Consider these scenarios…
It’s Monday morning and you have a new vendor coming in to pitch an interesting product. The topic is one that you are somewhat familiar with, however, you are interested in learning more. Five minutes into the presentation, you start to feel overwhelmed by the content and not sure how you can benefit. Before long, you find yourself thinking about what needs to get done that day, deadlines, and other meetings. What was only five minutes into the presentation somehow felt like twenty. And before the presenter has had a chance to dive deeper into the content, the initial interest has faded.
It’s Monday morning and you are arriving for a business meeting with a new potential client. Going into the meeting, you are confident about the solutions you offer and are hopeful to land a new deal. With the potential of a new revenue stream, you spend the first few minutes providing detailed information about your company, the technical solutions offered, along with screenshots that show how it works. As you wrap-up the opening, you sense you might need to dive deeper into the information as some attendees seem a little lost.
The reality is…
...businesses see a lot of pitch decks, so yours needs to command their attention. In fact, on average, you only have about 4 minutes to impress someone with your pitch deck. So, it’s imperative that you spend time strategizing your approach, design, tone, and flow upfront.
Let’s take a look at 5 ways businesses are building better pitch decks.
An opening that holds attention
The key is a short opener that describes what your company does, why it’s unique and how it serves your customers. Think of this as your elevator pitch. It should resonate with your target audience, solve a problem they have, stand out from the other available options, and express that you can deliver on your promises. Keep in mind, this should be no more than 2-3 minutes. Your goal is to make your audience to want to hear more.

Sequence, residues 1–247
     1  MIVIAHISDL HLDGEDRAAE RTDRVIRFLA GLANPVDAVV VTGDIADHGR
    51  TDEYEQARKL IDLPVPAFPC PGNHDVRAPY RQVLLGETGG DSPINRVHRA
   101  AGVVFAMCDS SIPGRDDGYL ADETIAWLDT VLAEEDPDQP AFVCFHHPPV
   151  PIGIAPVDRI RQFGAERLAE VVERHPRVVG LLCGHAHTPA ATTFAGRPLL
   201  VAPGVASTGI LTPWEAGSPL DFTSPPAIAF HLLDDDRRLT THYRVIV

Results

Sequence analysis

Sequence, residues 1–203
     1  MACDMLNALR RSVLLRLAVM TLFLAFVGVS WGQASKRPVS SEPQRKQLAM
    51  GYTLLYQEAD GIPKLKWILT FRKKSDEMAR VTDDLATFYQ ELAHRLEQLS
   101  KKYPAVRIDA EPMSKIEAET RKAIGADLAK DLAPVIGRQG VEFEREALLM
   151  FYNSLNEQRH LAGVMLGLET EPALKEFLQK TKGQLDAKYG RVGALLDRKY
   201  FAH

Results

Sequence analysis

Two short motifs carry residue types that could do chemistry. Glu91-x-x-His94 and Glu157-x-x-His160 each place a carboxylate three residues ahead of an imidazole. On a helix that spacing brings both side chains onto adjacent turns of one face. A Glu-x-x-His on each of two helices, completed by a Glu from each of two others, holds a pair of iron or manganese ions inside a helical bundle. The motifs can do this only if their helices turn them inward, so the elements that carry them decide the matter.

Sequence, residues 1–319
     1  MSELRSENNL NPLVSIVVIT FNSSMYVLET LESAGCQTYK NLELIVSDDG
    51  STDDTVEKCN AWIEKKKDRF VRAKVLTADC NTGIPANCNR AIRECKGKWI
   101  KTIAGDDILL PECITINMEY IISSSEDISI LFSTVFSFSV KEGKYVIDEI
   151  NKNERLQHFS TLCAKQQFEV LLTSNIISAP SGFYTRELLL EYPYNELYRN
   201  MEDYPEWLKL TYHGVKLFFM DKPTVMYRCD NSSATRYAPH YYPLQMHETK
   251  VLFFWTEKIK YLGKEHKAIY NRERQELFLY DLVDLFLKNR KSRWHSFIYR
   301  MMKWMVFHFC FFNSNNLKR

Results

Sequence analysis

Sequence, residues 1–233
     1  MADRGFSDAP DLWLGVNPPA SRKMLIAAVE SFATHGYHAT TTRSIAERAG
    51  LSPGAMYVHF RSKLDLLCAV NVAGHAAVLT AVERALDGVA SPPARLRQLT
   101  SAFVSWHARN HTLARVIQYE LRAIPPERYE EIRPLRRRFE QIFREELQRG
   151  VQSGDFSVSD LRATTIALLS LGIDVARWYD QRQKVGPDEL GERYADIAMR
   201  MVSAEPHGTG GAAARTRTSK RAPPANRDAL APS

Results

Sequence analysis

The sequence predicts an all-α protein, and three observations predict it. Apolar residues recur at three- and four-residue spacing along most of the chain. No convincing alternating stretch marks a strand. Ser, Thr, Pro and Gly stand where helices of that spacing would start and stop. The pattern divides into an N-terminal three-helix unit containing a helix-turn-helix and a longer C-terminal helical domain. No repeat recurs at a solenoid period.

A message that resonates
Now that you have their interest, be clear, genuine, and engaging. Leave out the technical jargon with the overused screenshots and, instead, tell a clear story of how others are using your solutions and the benefits. Remember to focus on the pain points the prospect is having today, and articulate how you can provide a sustainable solution.
A clear ROI
As you paint an elegant picture of what your services can accomplish, your audience should be able to easily identify the ROI. Where possible, provide personalized examples of how your solution has benefited other, similar customers, and frame up your story with the lasting impact it will make. This is also a good time to provide insights on how you are different from your competitors.
Focus on the relationship, not the sale
The goal is to start a relationship. There’s a tendency to focus only on your business and this often leads to cramming every last detail into a pitch. But when we change the lens to focus more on the audience and less about you, it opens the door for more conversation. As you build your pitch deck, aim for the fewest slides you need to tell your company’s story (usually around 10 to 12), leaving room for 2 or 3 more slides that will evoke conversation with your audience.
A winning pitch deck starts with stunning design
There’s something to be said about a polished pitch deck. It’s your silent sales partner showcasing your streamlined and established company. Simplicity is essential in pitch decks. Your audience should be able to easily interpret the content—after all, the deck may be shared around their company without any context from you. When it comes to graphics and photos, be sure they resonate with the content. In fact, when people hear information, they're likely to remember only 10% of it three days later. However, if a relevant image is paired with that same information, people retained 65% of the information three days later (HubSpot).
You have just 4 minutes to impress someone with your pitch deck.
Your elevator pitch should last no more than 3 minutes.
When people hear information, they’re likely to remember only 10% of it three days later. When a relevant image is paired with that information, retention goes up to 65%!